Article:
Matrix Multiplication on Batches of Small Matrices in Half and Half-Complex Precisions

TitleMatrix Multiplication on Batches of Small Matrices in Half and Half-Complex Precisions
Publication TypeJournal Article
Year of Publication2020
AuthorsAbdelfattah, A., S. Tomov, and J. Dongarra
JournalJournal of Parallel and Distributed Computing
Date Published2020-11

Machine learning and artificial intelligence (AI) applications often rely on performing many small matrix operations—in particular general matrix–matrix multiplication (GEMM). These operations are usually performed in a reduced precision, such as the 16-bit floating-point format (i.e., half precision or FP16). The GEMM operation is also very important for dense linear algebra algorithms, and half-precision GEMM operations can be used in mixed-precision linear solvers. Therefore, high-performance batched GEMM operations in reduced precision are significantly important, not only for deep learning frameworks, but also for scientific applications that rely on batched linear algebra, such as tensor contractions and sparse direct solvers.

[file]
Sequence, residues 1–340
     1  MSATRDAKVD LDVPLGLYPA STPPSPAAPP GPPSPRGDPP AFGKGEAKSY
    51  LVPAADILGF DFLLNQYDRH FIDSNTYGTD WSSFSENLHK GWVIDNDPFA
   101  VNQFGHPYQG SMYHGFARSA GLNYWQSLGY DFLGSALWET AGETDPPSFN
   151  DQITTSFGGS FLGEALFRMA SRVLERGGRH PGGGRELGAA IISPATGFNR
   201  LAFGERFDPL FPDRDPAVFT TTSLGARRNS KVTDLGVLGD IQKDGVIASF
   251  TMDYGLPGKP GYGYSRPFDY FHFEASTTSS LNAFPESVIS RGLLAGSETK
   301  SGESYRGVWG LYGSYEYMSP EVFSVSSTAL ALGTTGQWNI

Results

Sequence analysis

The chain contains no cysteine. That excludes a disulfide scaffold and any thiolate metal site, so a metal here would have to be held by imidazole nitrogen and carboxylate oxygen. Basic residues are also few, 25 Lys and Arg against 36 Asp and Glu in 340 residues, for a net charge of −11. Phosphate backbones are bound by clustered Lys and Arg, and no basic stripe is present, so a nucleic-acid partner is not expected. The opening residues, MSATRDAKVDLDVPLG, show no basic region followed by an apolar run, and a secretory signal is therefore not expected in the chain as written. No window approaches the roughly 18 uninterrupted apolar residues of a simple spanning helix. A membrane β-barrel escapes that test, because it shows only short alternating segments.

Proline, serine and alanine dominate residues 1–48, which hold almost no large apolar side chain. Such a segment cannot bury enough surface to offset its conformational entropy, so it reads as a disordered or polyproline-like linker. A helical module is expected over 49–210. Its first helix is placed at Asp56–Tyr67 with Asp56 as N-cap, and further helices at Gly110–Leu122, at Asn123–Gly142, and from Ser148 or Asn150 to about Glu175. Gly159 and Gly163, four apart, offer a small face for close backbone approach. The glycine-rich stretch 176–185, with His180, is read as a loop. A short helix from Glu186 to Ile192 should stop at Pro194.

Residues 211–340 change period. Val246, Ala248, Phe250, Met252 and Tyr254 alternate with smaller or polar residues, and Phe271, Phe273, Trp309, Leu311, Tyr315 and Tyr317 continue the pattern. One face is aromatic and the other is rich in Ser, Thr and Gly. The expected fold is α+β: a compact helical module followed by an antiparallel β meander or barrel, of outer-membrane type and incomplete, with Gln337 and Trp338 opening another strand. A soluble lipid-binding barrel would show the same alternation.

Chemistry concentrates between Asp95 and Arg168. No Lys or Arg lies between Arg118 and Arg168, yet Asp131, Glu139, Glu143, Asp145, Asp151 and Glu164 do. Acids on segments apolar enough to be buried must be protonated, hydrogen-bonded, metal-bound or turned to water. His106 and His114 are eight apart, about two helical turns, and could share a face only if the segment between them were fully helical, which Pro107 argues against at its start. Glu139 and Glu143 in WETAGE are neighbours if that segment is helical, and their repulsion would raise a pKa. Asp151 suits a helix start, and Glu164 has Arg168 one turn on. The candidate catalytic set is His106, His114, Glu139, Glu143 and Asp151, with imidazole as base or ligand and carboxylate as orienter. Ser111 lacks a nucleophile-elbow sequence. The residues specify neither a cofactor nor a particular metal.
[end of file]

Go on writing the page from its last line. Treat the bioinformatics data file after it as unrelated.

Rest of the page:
This paper presents optimized batched GEMM kernels for graphics processing units (GPUs) in FP16 arithmetic. The paper addresses both real and complex half-precision computations on the GPU. The proposed design takes advantage of the Tensor Core technology that was recently introduced in CUDA-enabled GPUs. With eight tuning parameters introduced in the design, the developed kernels have a high degree of flexibility that overcomes the limitations imposed by the hardware and software (in the form of discrete configurations for the Tensor Core APIs). For real FP16 arithmetic, performance speedups are observed against cuBLAS for sizes up to 128, and range between and . For the complex FP16 GEMM kernel, the speedups are between and thanks to a design that uses the standard interleaved matrix layout, in contrast with the planar layout required by the vendor’s solution. The paper also discusses special optimizations for extremely small matrices, where even higher performance gains are achievable.

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